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During the Communist regime in Czechoslovakia many artists would choose glass as their medium because in this field they weren't monitored and had creative free reign. Today, some of the best known glass artists have come to Israel to take part in an exhibition called “Freedom to Create Beyond the Glass Curtain."
For these glass artists the freedom to create was not always taken for granted.
Most of them started their career in communist Czechoslovakia where painters and sculptors were limited by the government to promoting communist ideals.
During that time glassmaking became a bastion of liberated thinking.
[Orit Ephrat-Moscovitz, Director, Litvak Gallery]:
“People who practiced art were watched very closely and the communists were afraid of freedom of speech. So they didn’t let them create. As glass was considered a decorative form of creation it was not considered such a big deal and communists didn’t mind what the glass artists did."
These glass artists came from the Czech Republic to represent their works at an exhibition in Tel-Aviv named “Freedom to Create Beyond the Glass Curtain."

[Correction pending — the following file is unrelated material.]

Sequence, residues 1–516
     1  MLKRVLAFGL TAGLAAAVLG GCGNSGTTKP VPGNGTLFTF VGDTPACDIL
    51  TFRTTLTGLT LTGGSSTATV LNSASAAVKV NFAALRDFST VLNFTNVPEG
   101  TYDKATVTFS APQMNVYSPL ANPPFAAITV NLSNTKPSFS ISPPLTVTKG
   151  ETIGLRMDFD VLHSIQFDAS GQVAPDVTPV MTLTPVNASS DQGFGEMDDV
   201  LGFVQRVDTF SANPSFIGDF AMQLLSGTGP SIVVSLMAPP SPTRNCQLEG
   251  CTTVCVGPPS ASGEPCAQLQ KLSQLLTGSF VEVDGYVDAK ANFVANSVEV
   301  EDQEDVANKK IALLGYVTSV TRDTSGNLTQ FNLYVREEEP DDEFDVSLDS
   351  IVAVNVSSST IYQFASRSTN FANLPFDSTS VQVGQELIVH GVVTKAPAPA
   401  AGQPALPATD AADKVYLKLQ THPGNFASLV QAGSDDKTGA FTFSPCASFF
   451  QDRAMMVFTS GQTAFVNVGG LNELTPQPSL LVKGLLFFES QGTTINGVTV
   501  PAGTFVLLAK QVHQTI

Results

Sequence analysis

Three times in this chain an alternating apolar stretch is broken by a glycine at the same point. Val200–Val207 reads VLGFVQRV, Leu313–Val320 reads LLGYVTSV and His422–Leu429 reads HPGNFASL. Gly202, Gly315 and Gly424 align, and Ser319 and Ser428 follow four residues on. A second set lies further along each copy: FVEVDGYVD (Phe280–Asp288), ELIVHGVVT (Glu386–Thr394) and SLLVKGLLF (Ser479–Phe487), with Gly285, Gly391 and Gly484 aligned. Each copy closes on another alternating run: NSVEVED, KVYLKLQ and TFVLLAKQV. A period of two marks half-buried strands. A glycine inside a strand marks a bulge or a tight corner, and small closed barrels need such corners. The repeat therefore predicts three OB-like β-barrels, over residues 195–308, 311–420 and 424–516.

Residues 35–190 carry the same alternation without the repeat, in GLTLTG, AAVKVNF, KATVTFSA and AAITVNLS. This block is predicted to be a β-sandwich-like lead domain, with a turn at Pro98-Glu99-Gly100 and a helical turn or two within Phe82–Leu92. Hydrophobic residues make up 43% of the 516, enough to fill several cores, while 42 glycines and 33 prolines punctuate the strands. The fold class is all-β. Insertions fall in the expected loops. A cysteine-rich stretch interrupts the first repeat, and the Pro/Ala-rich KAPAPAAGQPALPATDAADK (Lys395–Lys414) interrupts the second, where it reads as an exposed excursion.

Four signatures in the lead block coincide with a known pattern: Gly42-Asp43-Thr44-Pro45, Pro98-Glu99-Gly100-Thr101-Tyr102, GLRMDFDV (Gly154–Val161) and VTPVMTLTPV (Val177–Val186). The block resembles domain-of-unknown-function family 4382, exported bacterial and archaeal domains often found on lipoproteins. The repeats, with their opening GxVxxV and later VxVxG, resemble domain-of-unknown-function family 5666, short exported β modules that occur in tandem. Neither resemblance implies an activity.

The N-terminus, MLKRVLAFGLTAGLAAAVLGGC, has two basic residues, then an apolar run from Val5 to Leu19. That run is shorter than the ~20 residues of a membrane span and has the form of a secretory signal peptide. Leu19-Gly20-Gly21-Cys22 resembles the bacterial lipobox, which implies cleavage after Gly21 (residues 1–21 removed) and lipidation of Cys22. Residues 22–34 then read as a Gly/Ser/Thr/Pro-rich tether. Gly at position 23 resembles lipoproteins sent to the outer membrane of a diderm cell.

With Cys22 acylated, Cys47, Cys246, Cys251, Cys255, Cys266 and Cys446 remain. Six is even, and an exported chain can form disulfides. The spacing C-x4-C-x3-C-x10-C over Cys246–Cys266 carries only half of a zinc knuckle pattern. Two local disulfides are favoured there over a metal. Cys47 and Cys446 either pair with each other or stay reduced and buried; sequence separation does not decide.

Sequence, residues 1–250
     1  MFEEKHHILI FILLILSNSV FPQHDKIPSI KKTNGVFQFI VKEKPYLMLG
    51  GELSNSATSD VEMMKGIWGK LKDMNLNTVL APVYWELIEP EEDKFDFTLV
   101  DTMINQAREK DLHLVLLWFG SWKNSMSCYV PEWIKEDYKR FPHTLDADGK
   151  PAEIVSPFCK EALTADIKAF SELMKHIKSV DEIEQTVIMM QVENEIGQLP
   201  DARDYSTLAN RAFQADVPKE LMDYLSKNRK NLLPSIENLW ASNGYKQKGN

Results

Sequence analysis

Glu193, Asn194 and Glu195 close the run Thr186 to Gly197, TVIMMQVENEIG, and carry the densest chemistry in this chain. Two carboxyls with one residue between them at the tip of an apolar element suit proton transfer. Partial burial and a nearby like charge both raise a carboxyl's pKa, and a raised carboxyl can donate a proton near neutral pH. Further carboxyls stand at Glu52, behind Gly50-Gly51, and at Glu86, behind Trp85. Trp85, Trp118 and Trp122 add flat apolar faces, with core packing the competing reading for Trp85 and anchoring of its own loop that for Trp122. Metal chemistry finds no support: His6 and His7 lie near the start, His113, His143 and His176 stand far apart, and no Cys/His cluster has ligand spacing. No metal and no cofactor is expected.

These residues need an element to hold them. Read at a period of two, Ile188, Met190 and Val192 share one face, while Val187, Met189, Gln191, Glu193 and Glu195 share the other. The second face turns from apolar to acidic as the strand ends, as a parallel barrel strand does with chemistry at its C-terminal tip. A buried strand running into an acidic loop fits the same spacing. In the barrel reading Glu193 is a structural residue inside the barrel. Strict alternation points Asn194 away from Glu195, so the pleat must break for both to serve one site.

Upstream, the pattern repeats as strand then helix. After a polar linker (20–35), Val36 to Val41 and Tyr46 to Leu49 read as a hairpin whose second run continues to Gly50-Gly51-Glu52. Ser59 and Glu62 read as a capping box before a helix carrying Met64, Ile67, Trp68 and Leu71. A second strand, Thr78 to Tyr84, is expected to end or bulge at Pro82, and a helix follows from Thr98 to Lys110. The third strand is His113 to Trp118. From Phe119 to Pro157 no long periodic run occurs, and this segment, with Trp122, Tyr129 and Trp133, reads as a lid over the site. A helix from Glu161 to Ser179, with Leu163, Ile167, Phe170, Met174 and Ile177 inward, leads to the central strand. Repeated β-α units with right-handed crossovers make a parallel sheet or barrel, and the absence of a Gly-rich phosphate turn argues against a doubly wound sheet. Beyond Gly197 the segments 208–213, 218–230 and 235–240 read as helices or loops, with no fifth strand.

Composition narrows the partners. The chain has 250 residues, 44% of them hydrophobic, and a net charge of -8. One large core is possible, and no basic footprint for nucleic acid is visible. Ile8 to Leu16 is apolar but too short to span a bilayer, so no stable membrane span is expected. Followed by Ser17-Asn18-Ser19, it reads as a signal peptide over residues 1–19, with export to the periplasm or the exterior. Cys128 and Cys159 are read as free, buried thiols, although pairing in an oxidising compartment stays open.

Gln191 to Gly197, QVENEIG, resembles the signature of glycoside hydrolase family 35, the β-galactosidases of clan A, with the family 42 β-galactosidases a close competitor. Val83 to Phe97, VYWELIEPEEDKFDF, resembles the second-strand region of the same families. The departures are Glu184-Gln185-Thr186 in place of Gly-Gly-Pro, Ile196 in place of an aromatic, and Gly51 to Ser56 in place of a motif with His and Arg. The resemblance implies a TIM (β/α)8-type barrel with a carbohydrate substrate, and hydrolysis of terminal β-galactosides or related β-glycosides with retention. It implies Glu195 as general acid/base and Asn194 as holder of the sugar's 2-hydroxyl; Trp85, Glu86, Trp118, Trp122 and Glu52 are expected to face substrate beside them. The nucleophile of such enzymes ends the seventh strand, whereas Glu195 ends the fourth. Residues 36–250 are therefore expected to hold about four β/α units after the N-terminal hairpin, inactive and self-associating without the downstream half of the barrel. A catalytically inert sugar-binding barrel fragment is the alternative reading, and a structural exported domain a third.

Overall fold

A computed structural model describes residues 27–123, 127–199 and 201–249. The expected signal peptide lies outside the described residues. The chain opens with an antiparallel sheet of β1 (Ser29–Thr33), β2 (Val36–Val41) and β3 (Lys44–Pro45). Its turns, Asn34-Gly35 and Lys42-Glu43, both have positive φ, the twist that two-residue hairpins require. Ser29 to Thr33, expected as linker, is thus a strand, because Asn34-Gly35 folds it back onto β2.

Jirina Zertova belongs to the senior generation of leading Czech glass artists.
Choosing glass art enabled her to avoid working in the social realism style.
Even though the communist regime in Czech Republic fell in 1989, for these artists, glass continues to be a material with huge potential for creation.
Through glass creations many artists not only express their feelings, but also pose philosophical questions.
For artists, the urge to create breaks through boundaries or regimes.
Reporter:Elena Tzuprun Photographer:Michael Ash
NTD News, Tel Aviv, Israel